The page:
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On Topic: Your Feminist News September Round-up!

Hello, and welcome to the monthly feminist news roundup from your friendly neighbourhood publisher, Zubaan! I’m your host, Intern Harismita, and here’s much ado about everything intersectional feminism this month.

The Supreme Court has had a magnificently active month, pronouncing a number of landmark judgements, from striking down portions of the anti-LGBTQ+ section 377 to the restrictions placed on the entry of women into the Sabarimala temple. Here's a quick rundown.

- A Supreme Court of India bench has partially struck down section 377 of the Indian Penal Code – specifically portions that criminalised “carnal intercourse against the order of nature” while preserving the criminality of such acts as bestiality and sex with minors. The SC acknowledged the discriminatory nature of the law against the LGBTQ+ community, and the right of consenting adults to choose how they have sex. While this is a crucial milestone in securing rights for queer folks in India, we have a long way to go in securing civil liberties such as the rights to marriage and adoption. Queer activist Chayanika Shah recounts the 25-year-long battle against India’s anti-queer law.

- In other great inclusivity news, Shillong just had its first pride march, and TISS now has India’s first gender-neutral hostel!

- Last week, the Supreme Court also struck down section 497 of the Indian Penal Code, which previously viewed adultery (formulated here as sex with a married woman) as a criminal offence (by a man), earlier this month, declaring that “curtailing the sexual autonomy of a woman or presuming the lack of consent once she enters a marriage is antithetical to Constitutional values.” Previously, this section of the IPC allowed the husband of a woman having an extramarital relationship to bring criminal charges against the man outside the marriage. This judgement is a significant acknowledgement of the autonomy of a married woman, as the law previously operated on the assumption of the ownership and subordination of a married woman to her husband.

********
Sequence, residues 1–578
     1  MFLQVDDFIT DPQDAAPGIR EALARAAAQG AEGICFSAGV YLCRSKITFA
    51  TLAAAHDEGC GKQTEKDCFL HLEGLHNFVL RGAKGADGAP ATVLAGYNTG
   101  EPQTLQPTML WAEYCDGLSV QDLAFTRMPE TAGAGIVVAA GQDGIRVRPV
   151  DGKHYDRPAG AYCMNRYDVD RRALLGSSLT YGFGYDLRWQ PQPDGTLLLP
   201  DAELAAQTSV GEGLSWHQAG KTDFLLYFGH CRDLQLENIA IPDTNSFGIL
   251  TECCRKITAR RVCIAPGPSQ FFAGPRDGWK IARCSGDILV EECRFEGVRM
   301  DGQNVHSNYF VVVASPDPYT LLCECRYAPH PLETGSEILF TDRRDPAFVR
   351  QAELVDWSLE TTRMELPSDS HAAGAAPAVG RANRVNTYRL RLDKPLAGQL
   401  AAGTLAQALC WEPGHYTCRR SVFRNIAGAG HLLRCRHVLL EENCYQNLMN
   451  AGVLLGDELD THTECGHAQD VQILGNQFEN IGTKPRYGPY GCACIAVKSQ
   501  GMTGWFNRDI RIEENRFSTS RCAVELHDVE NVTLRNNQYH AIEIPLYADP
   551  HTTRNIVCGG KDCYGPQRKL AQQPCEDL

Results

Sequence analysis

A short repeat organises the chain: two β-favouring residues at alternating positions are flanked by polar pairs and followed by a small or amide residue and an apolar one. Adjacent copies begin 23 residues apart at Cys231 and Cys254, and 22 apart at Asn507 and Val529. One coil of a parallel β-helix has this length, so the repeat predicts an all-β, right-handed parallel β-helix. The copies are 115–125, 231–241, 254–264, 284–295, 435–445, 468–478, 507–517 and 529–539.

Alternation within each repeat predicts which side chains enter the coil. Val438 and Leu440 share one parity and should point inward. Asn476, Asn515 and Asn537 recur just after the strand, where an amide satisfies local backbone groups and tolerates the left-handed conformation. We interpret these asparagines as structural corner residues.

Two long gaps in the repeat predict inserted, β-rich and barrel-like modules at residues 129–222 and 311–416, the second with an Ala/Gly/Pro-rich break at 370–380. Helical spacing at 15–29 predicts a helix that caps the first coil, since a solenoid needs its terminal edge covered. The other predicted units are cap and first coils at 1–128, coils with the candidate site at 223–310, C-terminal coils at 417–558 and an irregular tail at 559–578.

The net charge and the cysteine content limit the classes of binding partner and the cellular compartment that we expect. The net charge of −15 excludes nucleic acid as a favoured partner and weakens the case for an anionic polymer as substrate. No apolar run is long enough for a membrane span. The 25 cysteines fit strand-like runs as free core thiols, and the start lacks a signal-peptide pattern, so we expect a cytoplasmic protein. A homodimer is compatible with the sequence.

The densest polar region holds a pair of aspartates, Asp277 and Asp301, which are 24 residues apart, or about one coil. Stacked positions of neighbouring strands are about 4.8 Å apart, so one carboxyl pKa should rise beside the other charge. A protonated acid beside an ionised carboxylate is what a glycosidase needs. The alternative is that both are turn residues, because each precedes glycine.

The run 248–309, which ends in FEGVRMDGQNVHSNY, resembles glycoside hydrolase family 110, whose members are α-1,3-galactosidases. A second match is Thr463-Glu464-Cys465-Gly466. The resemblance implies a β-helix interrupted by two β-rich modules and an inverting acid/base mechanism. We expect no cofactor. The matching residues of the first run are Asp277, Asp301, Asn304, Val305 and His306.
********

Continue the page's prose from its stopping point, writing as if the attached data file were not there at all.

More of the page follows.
- Later the same week, the SC lifted the restrictions placed on the entry of women ("of a menstruating age") into the Sabarimala temple in Kerala, acknowledging that restricting access to a place of worship based on gender was unconstitutional, and rooted in a discriminatory and patriarchal tradition. While many have welcomed the judgement, there have been widespread protests by Hindu groups in Kerala since, with many women swearing not to enter the temple.

- The Supreme Court also rejected the demand for an independent probe in the arrest of five activists placed under house arrest since 29th August, and extended their house arrest for a further four weeks, under the ethically-dubious Unlawful Activities (Prevention) Act. While Gautam Navlakha's house arrest has since been overturned by the Delhi High Court, Varavara Rao, Vernon Gonsalves, Arun Ferreira, and Sudha Bharadwaj are still under house arrest.

- Meanwhile in the United States, Brett Kavanaugh, a Republican nominee for the US Supreme Court, has been accused of sexual assault by three women: Dr. Christine Blasey Ford, a widely published research psychologist (Stanford University) and professor of psychology (Palo Alto University), Deborah Ramirez, and Julia Swetnick. Unsurprisingly, US President Donald Trump is standing firmly by Kavanaugh, as is much of the Republican leadership. Here is a run through of everything that has happened in the last week. Kavanaugh’s nomination is a high-stakes game for the right-wing Republican party because Supreme Court judges in the US serve for life, and Kavanaugh’s successful nomination will result in a Republican majority in the highest court.

Leaving Supreme Courts, Indian and American, behind, here’s a look at news from other realms.

- 'Stop Killing Us': Members of the Safai Karamchari Andolan and activists gathered near Jantar Mantar on the 25th of September to protest the deaths of manual scavengers in sewer-related accidents across the country. Manual scavenging without adequate safety measures or equipment is relegated to members of lower caste communities, for whom this is often the only way to earn a livelihood. Meet Mani, a Dalit manual scavenger from Tamil Nadu, who has been cleaning choked sewers for nearly 30 years. He hopes “that my children should escape this shit, these fatal gases.” Read more about the horrifying circumstances under which sewage workers live, work, and die.